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Canada Amplify: I put up with snoring. But how much should I put up with in a relationship?

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You snored last night,” my partner said.

I put my hands on my hips and made a face at him. I huffed, he laughed.

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The joke, of course, was that he regularly snored like a chainsaw. I’d tease him about it whenever he stayed over. Then he’d leave, and I’d put on more coffee and deliriously plan how I was going to survive on three hours of sleep.

I’m Jacqueline Houston, an editor in The Globe’s summer staff program. Things have since ended with that guy, for reasons other than the snoring. I’m not so much a light sleeper as I am an occasional insomniac. Good sleep, when I can get it, is important to me. And, yet, I never considered his snoring a deal breaker. How could it be? It was out of his control. If things were meant to be, I’d find a way to work around it.

I’m 22 years old, so critical self-reflection isn’t yet my strong suit. But looking back, I’m struck by the fact that I was, at least in theory, willing to compromise on my ability to sleep at night. For a guy.

Apparently, I’m not alone. A study from sociology professor Susan Venn at the University of Surrey found that, in the heterosexual couples she interviewed where the man was the snoring culprit, their female partners tended to work around the problem – ignoring it, sleeping elsewhere, nudging throughout the night – even if it meant sacrificing their own sleep needs. In fact, even when the women were the snorers, the men weren’t the ones to leave; the women were more likely to move to another room.

I look at some of the women in my life – strong and self-assured, by all accounts – and see similar patterns. My mom claims she doesn’t notice my dad’s occasional heaving or snorting anymore. One of my co-workers occasionally sleeps in a different room from her husband. My grandma, meanwhile, snores louder than anyone I’ve ever met. But when we go on vacation together, she apologizes and brings earplugs for whoever’s bunking with her.

Lots of people snore, the same way lots of people do every other thing that could make life harder for a partner. And some mutual accommodation of these frustrating-if-not-fatal flaws is part of any adult relationship. But as women – who are told time and time again to make a little more space or be a little more flexible – we ought to be aware of how much of that “mutual” accommodation we take on.

What other compromises will I make for future partners? If they have allergies, will I forgo getting a dog? Or buy a different perfume? In a Globe article that casts finding the perfect scent as an act of self-affirmation, Katherine Laidlaw begins with the realization: “Every perfume I’d ever worn was to be something for somebody else.”

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What about the bigger things – will I ever move to another city or change my career path, for someone else? I have a recurring pipe dream of being a writer, but that’s necessarily self-absorbing work. “The female writers I know yearn to be more monstrous … to perform the selfish sacraments of being an artist,” as Claire Dederer observes in this essay, noting how Woody Allen and other monstrous male artists remain revered, while their female counterparts can be made to feel guilty just for working too late.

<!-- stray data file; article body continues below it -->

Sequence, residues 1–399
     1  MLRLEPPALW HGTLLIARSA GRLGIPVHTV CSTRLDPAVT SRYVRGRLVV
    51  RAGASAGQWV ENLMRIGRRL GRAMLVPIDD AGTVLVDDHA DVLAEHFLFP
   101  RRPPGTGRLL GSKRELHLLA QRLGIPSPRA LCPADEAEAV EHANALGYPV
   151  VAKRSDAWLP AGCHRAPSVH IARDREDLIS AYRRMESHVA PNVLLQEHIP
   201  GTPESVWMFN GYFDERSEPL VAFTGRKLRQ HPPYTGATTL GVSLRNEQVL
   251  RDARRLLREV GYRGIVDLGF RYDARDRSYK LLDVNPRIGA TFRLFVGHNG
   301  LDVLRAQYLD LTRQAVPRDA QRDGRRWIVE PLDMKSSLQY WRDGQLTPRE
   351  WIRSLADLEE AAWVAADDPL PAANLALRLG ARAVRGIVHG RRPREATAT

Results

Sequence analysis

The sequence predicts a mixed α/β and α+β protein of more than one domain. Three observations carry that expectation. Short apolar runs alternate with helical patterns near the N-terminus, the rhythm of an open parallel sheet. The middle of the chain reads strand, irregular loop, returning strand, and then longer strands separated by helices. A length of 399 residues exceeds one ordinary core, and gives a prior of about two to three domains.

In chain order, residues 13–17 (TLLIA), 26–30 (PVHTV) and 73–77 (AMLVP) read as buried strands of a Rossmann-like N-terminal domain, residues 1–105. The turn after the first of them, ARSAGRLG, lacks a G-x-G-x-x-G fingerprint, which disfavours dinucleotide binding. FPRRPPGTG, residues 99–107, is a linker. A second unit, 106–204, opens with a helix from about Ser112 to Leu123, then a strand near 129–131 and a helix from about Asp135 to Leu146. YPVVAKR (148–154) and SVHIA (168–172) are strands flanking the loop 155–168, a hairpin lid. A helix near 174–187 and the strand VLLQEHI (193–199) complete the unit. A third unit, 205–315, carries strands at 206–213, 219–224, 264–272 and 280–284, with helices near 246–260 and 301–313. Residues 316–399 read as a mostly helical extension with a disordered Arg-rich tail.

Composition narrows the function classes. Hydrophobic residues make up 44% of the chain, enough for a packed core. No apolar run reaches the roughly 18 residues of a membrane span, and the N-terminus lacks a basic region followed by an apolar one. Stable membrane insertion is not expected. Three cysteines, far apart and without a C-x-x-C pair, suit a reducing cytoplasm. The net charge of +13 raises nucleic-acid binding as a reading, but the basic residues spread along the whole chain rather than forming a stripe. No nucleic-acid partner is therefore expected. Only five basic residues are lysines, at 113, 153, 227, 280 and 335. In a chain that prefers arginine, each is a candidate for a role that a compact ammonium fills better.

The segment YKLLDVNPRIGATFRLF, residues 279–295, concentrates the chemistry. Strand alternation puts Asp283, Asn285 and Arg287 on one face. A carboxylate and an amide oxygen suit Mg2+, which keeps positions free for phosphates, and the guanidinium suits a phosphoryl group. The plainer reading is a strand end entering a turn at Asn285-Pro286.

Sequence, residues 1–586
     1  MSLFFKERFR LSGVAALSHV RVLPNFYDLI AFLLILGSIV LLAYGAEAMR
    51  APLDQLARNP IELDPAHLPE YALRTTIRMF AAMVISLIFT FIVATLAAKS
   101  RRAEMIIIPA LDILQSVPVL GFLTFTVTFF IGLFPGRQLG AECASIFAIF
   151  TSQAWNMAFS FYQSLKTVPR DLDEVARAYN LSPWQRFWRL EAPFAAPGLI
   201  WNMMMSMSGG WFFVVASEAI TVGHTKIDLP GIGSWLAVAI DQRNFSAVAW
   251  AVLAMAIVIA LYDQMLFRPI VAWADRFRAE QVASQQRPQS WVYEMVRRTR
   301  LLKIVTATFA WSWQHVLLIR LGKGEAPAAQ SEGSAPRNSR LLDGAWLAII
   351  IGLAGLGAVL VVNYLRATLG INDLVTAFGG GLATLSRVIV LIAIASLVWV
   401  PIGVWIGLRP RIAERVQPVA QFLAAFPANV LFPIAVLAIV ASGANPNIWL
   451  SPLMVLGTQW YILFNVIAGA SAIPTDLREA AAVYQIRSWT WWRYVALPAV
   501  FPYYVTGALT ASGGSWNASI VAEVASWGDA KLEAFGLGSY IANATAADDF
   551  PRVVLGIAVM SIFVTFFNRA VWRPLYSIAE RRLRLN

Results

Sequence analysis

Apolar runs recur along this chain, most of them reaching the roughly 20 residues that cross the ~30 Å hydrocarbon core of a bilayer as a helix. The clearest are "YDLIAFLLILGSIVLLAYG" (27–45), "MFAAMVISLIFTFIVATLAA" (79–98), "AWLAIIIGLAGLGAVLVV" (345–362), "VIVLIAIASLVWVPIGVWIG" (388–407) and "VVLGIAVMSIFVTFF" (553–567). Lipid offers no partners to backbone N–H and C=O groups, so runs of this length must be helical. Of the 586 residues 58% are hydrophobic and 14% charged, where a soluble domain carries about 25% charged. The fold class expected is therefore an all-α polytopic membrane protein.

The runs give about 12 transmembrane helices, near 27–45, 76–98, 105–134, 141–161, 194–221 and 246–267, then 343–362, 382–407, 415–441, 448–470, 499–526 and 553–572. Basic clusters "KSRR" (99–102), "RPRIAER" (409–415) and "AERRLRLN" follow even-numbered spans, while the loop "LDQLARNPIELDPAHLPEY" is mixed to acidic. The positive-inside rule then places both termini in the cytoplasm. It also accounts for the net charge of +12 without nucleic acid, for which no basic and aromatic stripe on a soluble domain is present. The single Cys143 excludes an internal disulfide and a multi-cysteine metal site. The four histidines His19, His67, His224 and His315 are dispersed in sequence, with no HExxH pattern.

The answer to all of the above questions, I realize, is a conditional yes: I will find a job that allows me to fit someone else into my life, give up having a dog and even find a way to sleep through snoring – if it’s for a person who I want to spend a significant chunk of my life with, and who, crucially, gives up their fair share of jobs and dogs and shuteye (or reasonable equivalents) for me.

I hope, though, that I will also identify those things that I can’t compromise on.

I hope I never prioritize a date’s feelings over standing my ground on any of the ways it’s (still) hard to be a woman. (“Does our concern for others make us our own worst enemies when it comes to achieving parity?” Johanna Schneller wonders, after hearing female screenwriters discuss working in a male-dominated field, and each takes pains to make the point that “most men are great.”)

And I never want to bend over backward for someone just because it seems to make more sense than breaking up – an unexpectedly easy trap to fall into, as Kelly Korducki points out in an excerpt from her Hard To Do: The Surprising, Feminist History of Breaking Up.

But if he snores, well, maybe I’ll buy earplugs. Or maybe I’ll keep sleeping alone.

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What else we’re reading

I’m moving to another city to go to law school in September, and this essay from Lara Bazelon on the trials of being a woman in the courtroom is equal parts fascinating and gut-wrenching. A professor at the University of San Francisco School of Law, Bazelon writes, “I tell my female students the truth: that their body and demeanor will be under relentless scrutiny from every corner of the courtroom. That they will have to pay close attention to what they wear and how they speak and move. That they will have to find a way to metabolize these realities.”

Inspired by something in this newsletter? If so, we hope you’ll amplify it by passing it on. And if there’s something we should know, or feedback you’d like to share, send us an e-mail at amplify@globeandmail.com.

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